The world premiere of Elizabeth Chomko's poignant and moving drama "What They Had" drew a stirring reception at the Sundance Film Festival on Sunday. The film -- starring Hilary Swank, Mike Shannon, Blythe Danner, Robert Forster and Taissa Farmiga -- deals with the ravages of Alzheimer's disease and the toll it takes on one's immediate family. "Memory is a gift, and we shouldn't take it for granted," Chomko said before the screening.
NSA Director Admiral Mike Rogers has announced to his staff he is resigning. A nominee will be announced to replace him shortly. Rogers departure makes sense. His incredible accomplishments are complete; he will now be free to testify, unencumbered, to congress. Intelligence information is housed by compartments within the larger intelligence community network. Each intelligence unit holds intelligence unique to that compartment and task.
I certainly don't need any convincing, but something which happened Saturday night reminded me that pretty much everything in life can somehow be related to an episode of "Seinfeld. "A case in point.There I was standing in line outside in the windy, freezing, snowy cold for entrance into a private Joan Jett concert at the Sundance Film Festival in Park City when an excited conversation a few people away caught my ear.
Muck Rack makes it simple to find people, tweets, or articles that mention any name, keyword, company, hashtag etc. We've compiled this guide to help you make the most of your search.
Selecting a term
Start searching tweets, articles from media outlets, articles mentioned in tweets, journalists'
names, titles and bios with some suggested searches:
Companies or Topics (e.g. iPhone, Microsoft)
Phrases (e.g. "cloud computing") — use quotes to keep the terms together
Twitter handles (e.g. @username) — returns those who have mentioned or replied to
Names (e.g. "David Pogue")
Hashtags (e.g. #sxsw, #london2012)
Bio details (e.g. vegan, Olympics, father)
Muck Rack's Advanced Search allows for many boolean operators.
Find results that mention multiple specified terms, use AND or
+. For example, ensure each result contains both Elon Musk and Mark Zuckerberg by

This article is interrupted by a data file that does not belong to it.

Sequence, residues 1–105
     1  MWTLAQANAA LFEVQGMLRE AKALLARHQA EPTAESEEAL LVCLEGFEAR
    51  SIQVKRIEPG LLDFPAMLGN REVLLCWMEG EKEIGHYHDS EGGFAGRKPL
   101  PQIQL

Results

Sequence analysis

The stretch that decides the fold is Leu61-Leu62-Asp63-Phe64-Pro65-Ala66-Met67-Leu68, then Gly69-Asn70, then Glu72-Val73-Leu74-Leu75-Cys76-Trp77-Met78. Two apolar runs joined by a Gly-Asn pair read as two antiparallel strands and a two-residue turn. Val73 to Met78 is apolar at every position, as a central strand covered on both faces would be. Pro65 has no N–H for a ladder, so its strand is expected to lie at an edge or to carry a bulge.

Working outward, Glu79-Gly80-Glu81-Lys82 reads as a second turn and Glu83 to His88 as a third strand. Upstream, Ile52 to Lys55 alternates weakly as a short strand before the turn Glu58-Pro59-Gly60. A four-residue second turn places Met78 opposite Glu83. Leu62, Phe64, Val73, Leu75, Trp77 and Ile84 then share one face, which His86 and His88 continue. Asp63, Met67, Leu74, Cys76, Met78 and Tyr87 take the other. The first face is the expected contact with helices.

searching Musk AND Zuckerberg or Musk + Zuckerberg.
Use the operators OR or , to broaden your search when you'd like either of
multiple terms to appear in results. (This is the default behavior of our search when no operators
are used). For example, results will contain either cake or cookie by searching cake OR cookie or cake,cookie
Use NOT or - to subtract results from your search. For
example, searching Disney will yield results about the Walt Disney Company as well as Walt Disney
World Resort. To exclude mentions of Disney World, search for Disney -World or Disney
When using one of these operators with a phrase, enclose it in quotation marks. For example, you can
find results about smartphones excluding Apple's iPhone 4S by searching smartphone -"iPhone
Exact case matching or punctuation
If you're searching for a brand name or keyword that relies on specific punctuation marks or capitalization, you can
find results that match your exact query by adding matchcase: before the keyword you're searching for, like matchcase:E*TRADE .
Use parentheses to separate multiple
boolean phrases. For example, to find journalists talking about having fun in Disney World or
Disneyland, search for ("disney world" OR disneyland) AND fun.
An asterisk can be used to search for any variation of a root word truncated by the asterisk. For example, searching for admin* will return results for administrator, administration, administer, administered, etc.
A near operator is an AND operator where you can control the distance between the words. You can vary the distance the near operation uses by adding a forward slash and number (between 0-99) such as strawberries NEAR/10 "whipped cream", which means the strawberries must exist within 10 words of "whipped cream".